If you have enough marketing budget to invest in a speaking slot, do it! Speaking slots help position you as a thought leader. They can also help you drive traffic to your booth if you have one. Most trade show organizers provide the details of people who have watched your talk, so it’s a great marketing lead generation tool.
We’d recommend using the opportunity to collaborate with an influencer, this might be profiling a client or joining forces with a thought expert. Whoever you decide to put on stage, they need to be both knowledgeable and charismatic. Do your research beforehand by watching videos from previous talks and running a search on their name in your media intelligence platform. Doing so will help you understand what topics they’ve presented on in the past that have generated the most positive buzz.
Sponsorship options are great brand awareness boosters. This too can also help position your brand as a leader through association. Sponsoring doesn’t tend to drive attendee leads, so if that’s your event-based marketing goal, it’s better to invest in one of the alternative methods mentioned above.
Whether you are just attending the event or you are speaking at it, there are several different ways you can leverage the opportunity in your content marketing and social media strategy. We'll explain how social media posts, press releases and blogs can be used to increase awareness around an event, expand your network and become a thought-leader.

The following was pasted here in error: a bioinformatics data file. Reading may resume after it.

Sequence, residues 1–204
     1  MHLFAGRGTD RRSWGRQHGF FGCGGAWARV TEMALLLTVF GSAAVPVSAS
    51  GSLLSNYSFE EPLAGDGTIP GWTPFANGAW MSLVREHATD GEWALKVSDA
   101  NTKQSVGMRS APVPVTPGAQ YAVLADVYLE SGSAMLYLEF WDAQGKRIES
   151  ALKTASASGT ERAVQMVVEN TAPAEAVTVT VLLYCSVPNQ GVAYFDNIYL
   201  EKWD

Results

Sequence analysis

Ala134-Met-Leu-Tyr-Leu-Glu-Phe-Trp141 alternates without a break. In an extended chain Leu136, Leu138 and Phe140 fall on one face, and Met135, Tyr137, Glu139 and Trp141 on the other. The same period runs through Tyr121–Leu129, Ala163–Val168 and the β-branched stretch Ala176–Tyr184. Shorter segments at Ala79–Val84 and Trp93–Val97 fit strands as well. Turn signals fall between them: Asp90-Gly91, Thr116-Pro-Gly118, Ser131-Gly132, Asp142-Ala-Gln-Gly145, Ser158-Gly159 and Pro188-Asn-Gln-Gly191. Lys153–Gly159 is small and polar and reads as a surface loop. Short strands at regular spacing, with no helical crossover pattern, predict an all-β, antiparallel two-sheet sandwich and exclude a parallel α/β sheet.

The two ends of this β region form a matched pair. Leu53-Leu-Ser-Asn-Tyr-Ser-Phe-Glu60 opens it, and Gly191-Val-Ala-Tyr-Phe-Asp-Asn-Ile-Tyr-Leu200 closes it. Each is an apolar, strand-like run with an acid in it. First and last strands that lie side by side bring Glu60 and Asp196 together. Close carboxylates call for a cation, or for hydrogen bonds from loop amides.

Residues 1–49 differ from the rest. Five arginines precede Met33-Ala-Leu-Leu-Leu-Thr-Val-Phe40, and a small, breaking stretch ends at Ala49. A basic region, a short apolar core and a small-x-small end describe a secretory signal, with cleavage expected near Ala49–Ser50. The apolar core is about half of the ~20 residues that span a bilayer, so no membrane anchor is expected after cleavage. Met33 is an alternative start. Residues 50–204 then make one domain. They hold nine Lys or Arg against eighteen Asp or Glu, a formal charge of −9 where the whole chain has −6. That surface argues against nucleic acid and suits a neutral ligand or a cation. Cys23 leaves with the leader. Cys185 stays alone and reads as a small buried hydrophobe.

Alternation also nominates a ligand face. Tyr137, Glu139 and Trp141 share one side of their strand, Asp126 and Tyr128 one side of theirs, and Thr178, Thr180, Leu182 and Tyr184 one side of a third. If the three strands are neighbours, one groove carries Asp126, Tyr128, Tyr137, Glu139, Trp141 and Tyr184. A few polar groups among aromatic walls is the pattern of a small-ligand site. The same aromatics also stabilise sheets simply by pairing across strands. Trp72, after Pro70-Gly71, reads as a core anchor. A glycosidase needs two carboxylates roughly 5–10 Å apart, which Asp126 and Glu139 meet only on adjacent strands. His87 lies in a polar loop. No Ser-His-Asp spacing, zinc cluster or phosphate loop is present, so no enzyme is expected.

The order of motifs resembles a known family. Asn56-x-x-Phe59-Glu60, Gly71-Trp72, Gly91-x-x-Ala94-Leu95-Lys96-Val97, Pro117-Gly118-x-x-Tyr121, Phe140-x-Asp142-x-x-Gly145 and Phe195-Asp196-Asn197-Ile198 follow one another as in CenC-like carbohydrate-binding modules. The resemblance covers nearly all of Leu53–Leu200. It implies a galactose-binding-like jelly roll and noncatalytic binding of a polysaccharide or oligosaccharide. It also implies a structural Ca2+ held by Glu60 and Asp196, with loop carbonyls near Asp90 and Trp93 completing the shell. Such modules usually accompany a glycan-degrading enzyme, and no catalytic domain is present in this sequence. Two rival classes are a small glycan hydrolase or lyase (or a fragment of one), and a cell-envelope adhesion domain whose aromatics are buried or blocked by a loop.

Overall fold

PR is a great way to get the word out, create audience buzz, improve visibility and drive registrations & booth visits when it comes to promotional activities. As discussed in our blog 10 examples of effective press releases, a press release must be adapted according to the campaign, promotion and message. This means the format of a product launch press release will be different from one of an event campaign.
When putting together a press release around your event, keep your overall goals in mind and frame the press release around what you want journalists to do after reading it. For example:
When it comes to sending out press releases around events, “what doesn’t work is writing the same old press release for the event,” says Vannessa Wade, Founder, Connect The Dots PR. “Add flare. Talk about the event with excitement. Have a clear call to action.” Olivia Adams, communications strategist at Byrum & Fisk adds, “Whenever possible I try to connect client events to a local community conversation or a trend. This makes media advisories, press releases, pitches, and social media content all that more relevant and impactful when the event is connected to a bigger conversation.”
Once crafted, you need to identify relevant publications to promote to and pitch your press releases. Don't forget to post the release on your website, circulate it via social media and issue the release on wire services. Then, when coverage starts coming in, share the articles on social media and feature them on the event landing page.
Tip: Another event promotion tactic you can use to help land coverage is by interviewing the keynote speakers before the event or arranging for them to speak with members of the press.